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Hopefuls woo GOP faithful in race for congress
Candidate Jeff Takada, right, shares a light moment while responding to a question as fellow candidates Brad Goehring and Robert Beadles look on. - photo by HIME ROMERO

The six candidates hoping to unseat two-time Democratic incumbent Jerry McNerney from his 11th congressional seat made their case to Manteca’s Republican voters.

On Monday night the South San Joaquin Republicans welcomed Brad Goehring, Elizabeth Emken, Jeff Takada, Robert Beadles, Tony Amador, and David Harmer to their first debate of 2010 at Crossroads Grace Community Church. It gave each of the six congressional hopefuls the chance to introduce themselves and their stance on the issues facing America today.

Despite a long road and fierce competition between now and June’s primary, Monday’s event remained civil among the six hopefuls for the majority of evening. It even provided some comic relief as the six looking to bring the seat back to the Republican-leaning 11th District voiced their opinions on everything from cap and trade to abortion.

“I think we have enough public officials in Washington, D.C. – it’s about time we had some public servants,” longtime Manteca resident Jeff Takada said in his opening statement. “That’s what I want to bring back to Washington, D.C., when I represent the voters of the 11th congressional district.”

Lodi resident Robert Beadles – who has been public about being on welfare and having to survive on food stamps – talked openly about what it took to rise above government assistance and become self-sufficient.

“I know what it feels like to have the weight of the world on your shoulders,” Beadles said. “And I know what it took to pick myself up and move forward.”

The majority of the candidates were in agreement on the questions that were read to them by South San Joaquin Republican founder and President Frank Aquila. He asked questions that touched on topics that were picked by himself, the individual candidates, and people in the community who submitted inquiries that were drawn at random.

“I respect the candidates that are up here, but we need to start talking about the primary,” Goehring said. “I’ve had a lot of endorsements for my campaign, and what that spells out is support – community support for my campaign.

“The question we have to ask ourselves is ‘Who can take out Jerry?’ Who has the clout and the muscle to do that? There is only one person who has the horsepower to take out Jerry McNerney and I am that candidate.”

Danville resident and autism advocate Elizabeth Emken spoke about her experiences in talking with McNerney outside of an Energy and Commerce Committee meeting in Washington, D.C., about the current health care bill as one of the driving forces behind her decision to run. She noted that she didn’t like the way that conservative women were portrayed in the last presidential election. She has a great concern that McNerney was simply voting the party line blindly with House Speaker Nancy Pelosi leading the way.

“Sometimes I feel like I’m all alone watching a train wreck,” Emken said about what she has witnessed in Washington, D.C. “Now I know that there are many others out there that share that same viewpoint.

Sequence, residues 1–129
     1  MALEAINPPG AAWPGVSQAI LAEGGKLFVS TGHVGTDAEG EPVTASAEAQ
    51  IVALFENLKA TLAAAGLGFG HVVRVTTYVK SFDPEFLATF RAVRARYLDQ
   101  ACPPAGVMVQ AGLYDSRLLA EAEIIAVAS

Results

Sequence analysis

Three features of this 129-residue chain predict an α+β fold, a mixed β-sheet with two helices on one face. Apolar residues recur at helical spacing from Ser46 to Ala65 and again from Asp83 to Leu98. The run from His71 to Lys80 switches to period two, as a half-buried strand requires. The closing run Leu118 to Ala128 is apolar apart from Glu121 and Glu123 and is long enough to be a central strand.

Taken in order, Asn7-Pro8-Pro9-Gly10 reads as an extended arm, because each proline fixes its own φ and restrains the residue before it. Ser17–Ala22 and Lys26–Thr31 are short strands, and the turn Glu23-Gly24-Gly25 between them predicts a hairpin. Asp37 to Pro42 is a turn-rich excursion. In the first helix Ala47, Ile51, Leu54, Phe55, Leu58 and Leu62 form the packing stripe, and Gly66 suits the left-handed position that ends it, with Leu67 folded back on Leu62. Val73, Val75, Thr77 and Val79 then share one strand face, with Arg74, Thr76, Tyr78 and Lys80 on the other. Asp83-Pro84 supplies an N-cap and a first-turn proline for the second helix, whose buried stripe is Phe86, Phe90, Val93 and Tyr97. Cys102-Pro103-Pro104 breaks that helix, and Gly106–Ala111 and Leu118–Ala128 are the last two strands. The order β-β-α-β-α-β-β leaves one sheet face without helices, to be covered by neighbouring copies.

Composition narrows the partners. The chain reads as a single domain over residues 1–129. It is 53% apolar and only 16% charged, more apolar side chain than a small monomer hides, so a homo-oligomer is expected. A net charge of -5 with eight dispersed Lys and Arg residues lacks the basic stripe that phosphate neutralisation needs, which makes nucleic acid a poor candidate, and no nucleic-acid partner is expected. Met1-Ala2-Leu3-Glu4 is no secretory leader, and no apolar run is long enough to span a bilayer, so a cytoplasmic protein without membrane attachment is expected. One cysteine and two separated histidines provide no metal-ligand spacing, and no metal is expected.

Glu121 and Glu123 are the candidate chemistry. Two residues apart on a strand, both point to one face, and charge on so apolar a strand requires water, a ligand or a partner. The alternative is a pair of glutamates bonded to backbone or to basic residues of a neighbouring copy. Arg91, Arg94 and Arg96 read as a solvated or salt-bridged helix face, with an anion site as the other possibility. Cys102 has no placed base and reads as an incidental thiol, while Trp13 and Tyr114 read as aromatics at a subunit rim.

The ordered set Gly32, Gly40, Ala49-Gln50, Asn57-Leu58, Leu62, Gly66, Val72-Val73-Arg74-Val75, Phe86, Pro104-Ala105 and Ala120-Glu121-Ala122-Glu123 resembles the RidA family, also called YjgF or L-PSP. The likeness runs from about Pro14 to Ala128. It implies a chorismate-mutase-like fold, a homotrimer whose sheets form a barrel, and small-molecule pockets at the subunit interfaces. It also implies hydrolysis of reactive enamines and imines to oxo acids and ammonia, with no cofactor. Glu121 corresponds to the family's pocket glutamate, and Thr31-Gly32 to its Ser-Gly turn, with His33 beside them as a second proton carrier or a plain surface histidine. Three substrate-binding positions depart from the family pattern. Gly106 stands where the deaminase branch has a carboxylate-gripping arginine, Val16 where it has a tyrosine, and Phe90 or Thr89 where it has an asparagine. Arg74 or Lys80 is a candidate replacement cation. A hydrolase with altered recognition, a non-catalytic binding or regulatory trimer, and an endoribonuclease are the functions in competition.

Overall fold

“I know what works in Washington, D.C., and I will bring back a conservative representative for this district.”

Retired United States Marshal Tony Amador spoke candidly about the need to reestablish the ideals of the 11th district and have somebody in touch with the residents residing within its boundaries representing it on Capitol Hill.

“We need representation that supports a ‘live within our means’ philosophy that most of us have to deal with everyday,” Amador said.

And race newcomer David Harmer – who replaced Proposition 8 proponent Larry Peagram’s position at the forum – didn’t waste any time in outlining his political beliefs.

When asked about what he attributed to the recent explosion in federal spending, Harmer – who grew up watching his father serve as the lieutenant governor under then-Governor Ronald Reagan – spelled out his position immediately.

“A government that robs Peter to pay Paul will always have the support of Paul,” Harmer said. “We are becoming a nation of Pauls and we’re close to reaching the tipping point.”

Beadles – who popped up on the radar last when a search warrant was served on both his home and business accusing him of stealing from a business competitor – made the night tense during his closing comments when he spoke to clear the air surrounding what has taken place over the last week.

After reciting his side of what happened to the more than 200 people who attended, Beadles then began talking about somebody on the six-candidate panel possibly being behind the search warrants – questioning whether the wide release of the story was a political move before publicly accusing Goehring of being involved.

“They ransacked my home and business and went through my wife’s personal belongings and searched the computers of my children – looking for stolen business equipment,” Beadles said matter-of-factly. “I don’t care if people want to talk about my stance on the issues, but leave my wife and children out of it.”

Beadles said that he filed lawsuits Monday morning against who he believes was responsible, but did not name any specific names in relation to the pending legal matter.